Life has been hard at times for Phil, and that shows in one of the songs featured on this edition of Wide Angle Radio, "Jagged Heart."  Listen:

madeiraperfsw Not like I had a plan
Not like I saw the goal
You got to whittle down to nothing
Before you'll ever be made whole

I've been carving
Stripping off the bark
Rounding off the edges
Of this jagged heart

When I listen to Phil's music, I always get the sense that he is very much a man under construction, a ragamuffin --- just like all of us.  Listening to him in the interview is like sitting by an old friend and finding something in common.  So, enjoy the music on this month's Wide Angle Radio, and meet Phil, right here.  (Oh, and while you're on the Wide Angle page, check out the new recorded introduction I've added!)

Wide Angle Radio (Episode Five)

skat Intense alternative folk rock.  That's how the website CD Baby refers to the music of Skatman Meredith.  I think it's accurate.  Skat (whose real name is David Meredith), was only the fourth artist I signed to Silent Planet Records and the first artist (make that person) I had ever met who lived in Delaware.  (Do you know anyone who lives in Delaware?)  Not only that, he lived in a tiny town called Hockessin, the name of which has stuck in my mind since I met him ten years ago. 

Skat is honest, generous (when I met him he was giving CDs away at concerts, something more practical in these times than in those times), funny, and laid back --- an extremely easy person to work with.  On this episode of Wide Angle, in an interview with John Fischer, you'll hear that honesty from a guy who has had struggles but remains hopeful.  We were hanging out with John Fischer and Skat in the high desert air of Santa Fe, New Mexico, in February 2000, where we had a blast doing the interview, visiting Folk Alliance, and hiking the countryside.  I haven't seen Skat in years, but I still regard it as a privilege to have known and worked with him on two fine records --- The Garden and Mercyside (both of which can be purchased in the Silent Planet store in the sidebar).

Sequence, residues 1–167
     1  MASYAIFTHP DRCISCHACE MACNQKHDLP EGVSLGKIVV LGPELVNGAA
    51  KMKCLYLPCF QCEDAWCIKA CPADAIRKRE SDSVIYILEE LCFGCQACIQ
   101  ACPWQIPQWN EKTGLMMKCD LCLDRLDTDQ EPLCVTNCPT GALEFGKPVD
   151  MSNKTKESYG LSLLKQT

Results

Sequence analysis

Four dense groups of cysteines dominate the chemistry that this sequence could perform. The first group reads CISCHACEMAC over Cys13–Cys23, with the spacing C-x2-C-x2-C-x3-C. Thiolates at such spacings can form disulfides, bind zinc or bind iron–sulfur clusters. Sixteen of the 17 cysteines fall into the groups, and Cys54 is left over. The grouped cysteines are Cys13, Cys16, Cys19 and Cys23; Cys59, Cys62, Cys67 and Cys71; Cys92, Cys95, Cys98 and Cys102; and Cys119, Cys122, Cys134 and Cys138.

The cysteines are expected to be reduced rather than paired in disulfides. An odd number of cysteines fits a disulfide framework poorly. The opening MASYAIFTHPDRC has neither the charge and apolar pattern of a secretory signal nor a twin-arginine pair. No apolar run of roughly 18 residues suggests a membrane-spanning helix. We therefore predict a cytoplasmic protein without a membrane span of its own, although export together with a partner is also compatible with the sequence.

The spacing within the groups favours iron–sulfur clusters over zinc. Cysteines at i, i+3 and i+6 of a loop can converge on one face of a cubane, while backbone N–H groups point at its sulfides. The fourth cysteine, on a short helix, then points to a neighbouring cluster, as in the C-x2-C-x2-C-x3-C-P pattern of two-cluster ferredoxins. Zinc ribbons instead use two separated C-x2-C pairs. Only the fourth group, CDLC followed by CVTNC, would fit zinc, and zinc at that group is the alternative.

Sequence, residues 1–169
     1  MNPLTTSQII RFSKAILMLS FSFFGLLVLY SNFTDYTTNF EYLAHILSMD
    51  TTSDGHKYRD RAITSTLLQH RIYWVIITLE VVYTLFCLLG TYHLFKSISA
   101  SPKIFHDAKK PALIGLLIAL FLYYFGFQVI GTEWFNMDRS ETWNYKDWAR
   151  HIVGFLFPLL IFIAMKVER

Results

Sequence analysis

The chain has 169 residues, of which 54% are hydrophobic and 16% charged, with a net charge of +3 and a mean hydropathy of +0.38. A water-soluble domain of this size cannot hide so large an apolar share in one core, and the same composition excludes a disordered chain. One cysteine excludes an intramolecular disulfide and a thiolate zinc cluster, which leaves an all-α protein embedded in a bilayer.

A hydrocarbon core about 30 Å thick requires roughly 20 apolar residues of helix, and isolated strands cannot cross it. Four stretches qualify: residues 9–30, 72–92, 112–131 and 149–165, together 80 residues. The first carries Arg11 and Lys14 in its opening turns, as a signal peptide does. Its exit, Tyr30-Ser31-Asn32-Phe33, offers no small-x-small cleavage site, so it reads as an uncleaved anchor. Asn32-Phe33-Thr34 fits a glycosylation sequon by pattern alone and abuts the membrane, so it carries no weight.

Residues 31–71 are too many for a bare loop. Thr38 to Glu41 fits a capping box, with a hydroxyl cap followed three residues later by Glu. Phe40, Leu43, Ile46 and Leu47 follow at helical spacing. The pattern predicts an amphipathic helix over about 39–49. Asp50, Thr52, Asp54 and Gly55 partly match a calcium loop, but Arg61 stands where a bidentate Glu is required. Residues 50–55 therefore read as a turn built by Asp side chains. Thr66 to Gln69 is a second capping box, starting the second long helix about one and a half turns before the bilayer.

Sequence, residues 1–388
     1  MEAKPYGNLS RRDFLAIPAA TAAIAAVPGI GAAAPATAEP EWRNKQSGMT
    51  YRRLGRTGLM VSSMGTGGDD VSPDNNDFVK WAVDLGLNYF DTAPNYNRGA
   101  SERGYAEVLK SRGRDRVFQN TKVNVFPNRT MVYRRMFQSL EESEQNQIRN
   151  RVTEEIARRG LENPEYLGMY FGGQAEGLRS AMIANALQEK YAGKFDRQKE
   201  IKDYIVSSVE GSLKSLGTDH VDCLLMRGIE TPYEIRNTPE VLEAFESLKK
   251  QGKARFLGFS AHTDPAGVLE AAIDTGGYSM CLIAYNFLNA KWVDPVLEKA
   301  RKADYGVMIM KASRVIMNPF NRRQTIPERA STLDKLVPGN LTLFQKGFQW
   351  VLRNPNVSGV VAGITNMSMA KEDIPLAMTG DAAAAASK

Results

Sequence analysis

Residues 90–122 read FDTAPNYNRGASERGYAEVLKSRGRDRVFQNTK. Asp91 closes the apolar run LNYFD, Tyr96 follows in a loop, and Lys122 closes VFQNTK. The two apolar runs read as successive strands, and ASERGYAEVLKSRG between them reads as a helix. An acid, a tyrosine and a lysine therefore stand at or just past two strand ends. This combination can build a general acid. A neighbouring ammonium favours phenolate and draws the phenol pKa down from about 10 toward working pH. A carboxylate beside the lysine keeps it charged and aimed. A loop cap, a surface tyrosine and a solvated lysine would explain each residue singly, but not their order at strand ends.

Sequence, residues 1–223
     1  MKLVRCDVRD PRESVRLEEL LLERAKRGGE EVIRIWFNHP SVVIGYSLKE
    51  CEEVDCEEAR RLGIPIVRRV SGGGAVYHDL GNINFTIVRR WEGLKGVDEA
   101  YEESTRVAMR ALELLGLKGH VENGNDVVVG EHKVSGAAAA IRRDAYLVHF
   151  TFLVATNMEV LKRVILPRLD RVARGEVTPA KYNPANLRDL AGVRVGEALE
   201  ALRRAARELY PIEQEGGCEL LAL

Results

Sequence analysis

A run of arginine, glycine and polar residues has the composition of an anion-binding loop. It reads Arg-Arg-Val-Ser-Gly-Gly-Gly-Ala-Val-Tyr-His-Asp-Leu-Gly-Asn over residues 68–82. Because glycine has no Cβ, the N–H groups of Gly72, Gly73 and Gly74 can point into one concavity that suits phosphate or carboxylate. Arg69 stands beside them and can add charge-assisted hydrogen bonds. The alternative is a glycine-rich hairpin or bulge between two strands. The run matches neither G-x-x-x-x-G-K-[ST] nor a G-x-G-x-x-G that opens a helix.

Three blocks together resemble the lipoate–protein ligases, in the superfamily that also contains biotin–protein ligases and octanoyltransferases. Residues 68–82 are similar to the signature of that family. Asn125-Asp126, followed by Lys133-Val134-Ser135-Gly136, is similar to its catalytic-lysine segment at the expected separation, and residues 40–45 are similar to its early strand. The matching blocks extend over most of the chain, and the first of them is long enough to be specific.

Skat, wherever you are, thanks.

[Listen to this month's Wide Angle radio here.]

Wide Angle Radio (Episode Four)

WideAngle3_thumb Singer-songwriters are a dime a dozen, embellishing the hallways, rooms, and doorways of the folk conventions, guitars in hand or strapped to their backs, eking out a subsistence living at times, living out of their cars.  Why do they do it?  Some because they can't do anything else, I guess. As Pierce Pettis once told me about himself, he did what he did "because he couldn't do anything else."  Pierce said he'd rather do something else, because he could make a better living, and he never counseled anyone to take up the "profession," and yet it's what he did.

So when I was in the music business, why, among the legion of troubadours out there, did I partner with the ones I did?  I'm not sure I can point to one factor.  Sovereign luck, deliberate choice, fortuitous circumstances, poor judgment --- all may have played a factor in my choices.  But I know why I chose Matt Auten:  because of his literary nature, because listening to his lyrically rich songs is trip through countless metaphors, and because Matt himself is articulate, poetic, and a good guitar player to boot.  Listening to his songs on this episode of Wide Angle Radio, I look for more instrumentation, a richer musical palette, but Matt wouldn't have it.  He likes it mellow.  And that's OK --- he's the one who dreamed up the songs in the first place.

Matt Auten, now by day a Black Mountain, North Carolina trim carpenter (he can do something else and, by all accounts, do it very well) is featured on this January 2000 episode of Wide Angle Radio.  You'll enjoy the sounds, the interview, as well as other music by Bruce Cockburn, Matt Jones, Rick Unruh, and Jane Kelly Williams.  Give it a listen here.